Domaine des Baumard
In recent years the focus of attention at Domaine des Baumard seems not to have been the wines, but rather the controversy that has grown up around the proprietors Florent Baumard (pictured below) and his father Jean Baumard, an Anjou elder statesman if ever there was one. This controversy grew around the birth of the new Quarts de Chaume Grand Cru appellation, and the Baumards’ persistent opposition to the rules laid down in the new appellation’s cahier des charges, opposition which was only finally put to bed in 2014 when their legal challenge was finally rejected by the Conseil d’Etat, France’s highest administrative court. The new regulations embodied within the appellation guidelines mean that practices at Domaine des Baumard are set to change.
After several years of legal wrangling and discord among those working in the appellation, it is surely now time to put this chapter in the story of Domaine des Baumard behind us, and to focus once again on the wines. After all, despite recent events no-one can deny the continued significance of the domaine to the Quarts de Chaume appellation. During the early years of his tenure here Jean Baumard was one of a handful of vignerons who kept lit the torch of Anjou moelleux, alongside the likes of Jacques Lalanne at Château Belle-Rive and André Laffourcade at Château L’Écharderie. It was also Jean who first proposed that the Quarts de Chaume appellation be elevated to grand cru status, as long ago as 1968.
It is not just in the Quarts de Chaume appellation that the domaine has historical significance though. This is also true of other appellations, most notably Savennières. Jean Baumard made history when, in 1968 (obviously a very busy year for Jean), he was the first Angevin from south of the Loire to look across the river and invest in the vineyards of Savennières. He acquired vines in Clos du Papillon and Clos de Saint Yves, vineyards which remain in the hands of the Baumard family, more than four decades later. The wines from these vineyards, in particular the Clos du Papillon, are iconic examples of the appellation, and this cuvée as well as the Baumard family’s Quarts de Chaume serve as introductions to these two appellations for many. This is because Domaine des Baumard is one of the Loire Valley’s rare ‘breakthrough’ domaines (a small club whose members also include Clos Rougeard and Didier Dagueneau), domaines which have crossed from the realms of geekdom, making wines of interest only to Loire fanatics, into the mainstream wine consciousness (which usually means being featured in The Wine Spectator or similar).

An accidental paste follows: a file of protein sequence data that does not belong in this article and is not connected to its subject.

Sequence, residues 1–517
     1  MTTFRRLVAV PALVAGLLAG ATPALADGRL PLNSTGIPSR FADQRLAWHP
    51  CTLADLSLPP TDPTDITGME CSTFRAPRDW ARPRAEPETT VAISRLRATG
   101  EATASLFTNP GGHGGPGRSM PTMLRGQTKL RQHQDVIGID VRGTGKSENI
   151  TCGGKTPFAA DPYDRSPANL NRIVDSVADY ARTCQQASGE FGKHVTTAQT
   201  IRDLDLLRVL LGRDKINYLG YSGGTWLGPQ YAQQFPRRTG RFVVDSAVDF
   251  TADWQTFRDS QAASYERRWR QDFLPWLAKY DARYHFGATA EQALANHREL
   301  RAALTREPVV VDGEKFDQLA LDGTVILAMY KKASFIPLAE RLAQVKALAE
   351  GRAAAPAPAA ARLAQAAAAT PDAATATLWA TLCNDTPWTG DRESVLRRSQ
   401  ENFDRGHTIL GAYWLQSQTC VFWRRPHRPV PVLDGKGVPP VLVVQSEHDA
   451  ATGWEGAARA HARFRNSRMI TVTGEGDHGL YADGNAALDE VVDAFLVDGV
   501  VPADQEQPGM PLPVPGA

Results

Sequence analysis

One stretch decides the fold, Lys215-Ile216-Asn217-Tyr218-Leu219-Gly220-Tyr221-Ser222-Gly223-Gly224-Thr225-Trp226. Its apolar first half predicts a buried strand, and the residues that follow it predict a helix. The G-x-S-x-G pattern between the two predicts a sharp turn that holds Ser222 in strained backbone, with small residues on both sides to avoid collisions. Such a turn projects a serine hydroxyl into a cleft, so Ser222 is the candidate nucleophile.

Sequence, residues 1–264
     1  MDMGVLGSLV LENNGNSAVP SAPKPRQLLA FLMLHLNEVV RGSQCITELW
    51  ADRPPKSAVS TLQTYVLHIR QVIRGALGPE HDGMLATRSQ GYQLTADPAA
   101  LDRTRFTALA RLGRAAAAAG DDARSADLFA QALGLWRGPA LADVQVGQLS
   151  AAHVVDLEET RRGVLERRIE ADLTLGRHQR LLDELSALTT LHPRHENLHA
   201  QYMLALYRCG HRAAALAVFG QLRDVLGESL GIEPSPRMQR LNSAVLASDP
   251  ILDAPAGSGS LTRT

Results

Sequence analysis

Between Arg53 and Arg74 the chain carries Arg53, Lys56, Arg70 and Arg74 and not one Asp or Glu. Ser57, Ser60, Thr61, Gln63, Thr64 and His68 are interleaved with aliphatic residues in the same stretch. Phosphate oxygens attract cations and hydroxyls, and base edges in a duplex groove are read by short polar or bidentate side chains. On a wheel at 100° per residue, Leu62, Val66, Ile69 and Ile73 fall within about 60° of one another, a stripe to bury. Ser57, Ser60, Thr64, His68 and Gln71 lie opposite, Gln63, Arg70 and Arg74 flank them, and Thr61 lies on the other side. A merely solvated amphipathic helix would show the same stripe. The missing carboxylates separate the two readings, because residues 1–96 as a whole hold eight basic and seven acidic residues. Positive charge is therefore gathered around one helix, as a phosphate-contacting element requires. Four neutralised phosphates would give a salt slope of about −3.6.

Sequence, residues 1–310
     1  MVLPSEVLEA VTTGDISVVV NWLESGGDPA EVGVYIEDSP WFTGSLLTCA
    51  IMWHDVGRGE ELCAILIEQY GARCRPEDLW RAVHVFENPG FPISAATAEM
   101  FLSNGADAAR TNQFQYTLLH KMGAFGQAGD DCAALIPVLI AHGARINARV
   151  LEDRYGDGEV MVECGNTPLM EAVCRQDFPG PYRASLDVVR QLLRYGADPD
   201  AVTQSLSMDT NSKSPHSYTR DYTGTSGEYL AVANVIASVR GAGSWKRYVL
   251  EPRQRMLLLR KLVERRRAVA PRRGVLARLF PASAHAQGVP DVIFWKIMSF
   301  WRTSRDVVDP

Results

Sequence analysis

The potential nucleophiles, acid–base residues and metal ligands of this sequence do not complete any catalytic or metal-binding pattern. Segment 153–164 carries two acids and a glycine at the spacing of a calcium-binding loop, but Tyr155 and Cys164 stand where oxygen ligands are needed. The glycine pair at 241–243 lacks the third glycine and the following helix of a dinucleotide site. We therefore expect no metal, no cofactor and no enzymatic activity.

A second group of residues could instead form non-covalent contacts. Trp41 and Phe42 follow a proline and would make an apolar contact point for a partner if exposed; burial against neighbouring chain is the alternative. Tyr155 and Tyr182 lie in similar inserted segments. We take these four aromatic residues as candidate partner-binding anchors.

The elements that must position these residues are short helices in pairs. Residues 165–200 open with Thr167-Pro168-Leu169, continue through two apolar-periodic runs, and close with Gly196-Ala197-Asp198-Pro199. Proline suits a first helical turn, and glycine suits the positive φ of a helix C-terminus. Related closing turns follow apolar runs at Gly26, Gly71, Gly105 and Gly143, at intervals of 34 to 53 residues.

This profile looks in detail at the story of Domaine des Baumard, including an in-depth examination of the vineyards and winemaking. I begin first with some history though, which taking into account the significance of the domaine is perhaps not as lengthy as you might at first imagine.